The Difference Is Extremely Important Under the Law!
If you live in the United States you’ve probably seen the TM (™) and R (®) symbols used in everything from advertisements to product packaging. But what do these symbols mean? And which one can you use for your own branding?
Both TM and R protect your intellectual property rights in the American marketplace. If you’ve built a strong company reputation or cultivated a market of loyal customers, your IP or brand name could be the most important or valuable part of your business. Both the TM and R symbols signify that the brand name or logo has some level of legal protection.
Still, the legal protection you get with TM is different than R. The rules for using the symbols are also different, so you have to be careful about how they apply to you.
R gives you much greater legal protections compared to an unregistered trademark (TM). If you register your brand name or logo (otherwise known as a “mark”), you get a legal presumption of ownership over it. Anyone who challenges your ownership has a much greater burden of proof to overcome if it’s registered. Not just that, registration gives you the ability to actively take legal action against copycats using your mark without permission.
Although you can technically register a brand trademark on your own, you should talk to an experienced and knowledgeable business lawyer who can help you with the process. Filing a trademark registration incorrectly could end up costing you hundreds of dollars and months of extra time. Plus – if you don’t file your registration properly, you may not be as legally protected as you think. And that’s not something you want to find out until it’s too late.
Can You Use TM Without Registering a Trademark?
Yes. Even if your mark isn’t registered, you can use the ™ symbol with your branding materials. But the TM symbol doesn’t carry that much legal power without an actual trademark registration.
Most businesses start to use the TM symbol to put other market players and consumers on notice that they intend to use the particular brand name, logo, or phrase to identify their products. Then they will start the process of formally registering the trademark at the USPTO.
If you use the TM symbol but fail to take the proper steps to register your trademark with the USPTO, you won’t actually get any major legal protections. For example, someone else could still register your trademark before you. You also don’t get the right to legally stop someone from using your trademark if it’s not registered. Having an actual registered trademark gives you the protection your business needs to safeguard its IP under the law.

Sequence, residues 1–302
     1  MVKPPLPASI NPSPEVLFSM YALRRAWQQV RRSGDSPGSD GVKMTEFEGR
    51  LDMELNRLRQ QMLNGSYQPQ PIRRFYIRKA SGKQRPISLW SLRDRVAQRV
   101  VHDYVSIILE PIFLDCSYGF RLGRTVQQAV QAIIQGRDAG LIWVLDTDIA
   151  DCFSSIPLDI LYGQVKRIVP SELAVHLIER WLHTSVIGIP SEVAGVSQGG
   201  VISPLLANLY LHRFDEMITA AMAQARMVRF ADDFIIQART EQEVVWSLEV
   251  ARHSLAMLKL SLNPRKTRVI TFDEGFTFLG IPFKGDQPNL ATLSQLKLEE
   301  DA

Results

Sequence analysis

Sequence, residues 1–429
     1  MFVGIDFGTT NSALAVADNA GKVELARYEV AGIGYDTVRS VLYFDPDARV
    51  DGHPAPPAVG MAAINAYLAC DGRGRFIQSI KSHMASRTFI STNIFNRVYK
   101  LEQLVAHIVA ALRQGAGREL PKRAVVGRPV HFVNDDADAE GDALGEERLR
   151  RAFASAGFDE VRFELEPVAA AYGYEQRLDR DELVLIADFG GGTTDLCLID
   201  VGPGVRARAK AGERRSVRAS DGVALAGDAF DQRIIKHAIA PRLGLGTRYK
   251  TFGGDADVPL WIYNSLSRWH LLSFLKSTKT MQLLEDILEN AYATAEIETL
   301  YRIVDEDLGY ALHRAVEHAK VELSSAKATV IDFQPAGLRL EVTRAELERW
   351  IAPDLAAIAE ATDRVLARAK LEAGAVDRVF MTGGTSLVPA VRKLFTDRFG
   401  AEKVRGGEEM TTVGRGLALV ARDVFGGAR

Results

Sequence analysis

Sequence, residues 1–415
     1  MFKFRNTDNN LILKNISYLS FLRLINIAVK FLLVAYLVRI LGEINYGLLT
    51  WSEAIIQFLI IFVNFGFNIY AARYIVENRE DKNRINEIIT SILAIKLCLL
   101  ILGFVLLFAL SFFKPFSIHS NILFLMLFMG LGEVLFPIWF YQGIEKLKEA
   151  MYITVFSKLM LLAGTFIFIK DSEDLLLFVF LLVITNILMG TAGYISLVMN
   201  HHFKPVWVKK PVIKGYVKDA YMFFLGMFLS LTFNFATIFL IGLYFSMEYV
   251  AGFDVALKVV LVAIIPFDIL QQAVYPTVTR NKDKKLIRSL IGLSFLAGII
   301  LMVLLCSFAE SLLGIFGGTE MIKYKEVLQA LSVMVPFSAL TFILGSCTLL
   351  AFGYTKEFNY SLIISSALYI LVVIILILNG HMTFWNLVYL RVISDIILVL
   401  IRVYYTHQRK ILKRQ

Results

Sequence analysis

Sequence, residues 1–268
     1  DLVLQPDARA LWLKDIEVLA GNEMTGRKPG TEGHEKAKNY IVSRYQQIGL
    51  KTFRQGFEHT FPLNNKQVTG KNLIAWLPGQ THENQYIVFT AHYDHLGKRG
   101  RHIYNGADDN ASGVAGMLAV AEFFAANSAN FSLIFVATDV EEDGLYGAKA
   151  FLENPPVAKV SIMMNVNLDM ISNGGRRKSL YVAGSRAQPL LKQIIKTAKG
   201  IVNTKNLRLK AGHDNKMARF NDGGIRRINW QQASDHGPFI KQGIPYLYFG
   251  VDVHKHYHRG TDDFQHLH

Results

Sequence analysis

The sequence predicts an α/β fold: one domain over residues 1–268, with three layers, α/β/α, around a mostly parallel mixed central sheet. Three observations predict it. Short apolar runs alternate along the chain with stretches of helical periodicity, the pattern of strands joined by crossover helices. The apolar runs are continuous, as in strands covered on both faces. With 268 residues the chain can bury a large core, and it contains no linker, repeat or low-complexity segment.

When Can You Use R Versus TM for Your Brand?
The ® symbol gives businesses much greater protection over their branding. You can begin using the R symbol as soon as you receive notice from the USPTO that your trademark has been approved. Simply starting the trademark registration process by filing an application isn’t enough – you have to wait until you get approval.
In fact, if you start using the R symbol before your trademark application is approved, the USPTO might count that against you in the application process.
Once your trademark is approved into the USPTO registry, you can use the R symbol only within the scope described in your trademark’s registration.
For example, if you use two different logos, you’ll have to register a trademark separately for each. You can only use R with the marks that get approved for registration. You’d have to submit additional trademark applications for any slogans or product names, too. Your business attorney can help you determine which of your marks to register.
What Are the Benefits of R Over TM?
A trademark is only as strong as its registration. Using TM may warn others, but it’s only a warning. The TM symbol on its own carries little legal power to follow through against copycats or competitors who try to take advantage of your brand’s goodwill and reputation.
Registering the right to use the R symbol, however, gives you:
These types of legal protections could make or break a small business, especially in a time of development and growth. You work hard to build trust and present a certain image among your clients and customers. A competitor with bad intentions could take advantage of your hard work by latching onto your brand name, tanking all the market goodwill and trust you cultivated.
At Holmes Business Law, we help businesses of all sizes protect their intellectual property rights from bad market actors. Our legal team can help you file your trademark registration the right way the first time, saving your business time and money.
Call our Philadelphia area offices today at 215-482-0285 to get started right away.
Sarah E. Holmes is a Philadelphia business attorney and strategist that helps start ups and established businesses looking to expand, protect their assets and increase their profits in an approachable, down-to-earth way. When you're looking for a business lawyer in Philadelphia, the Main Line or New Jersey, we can help.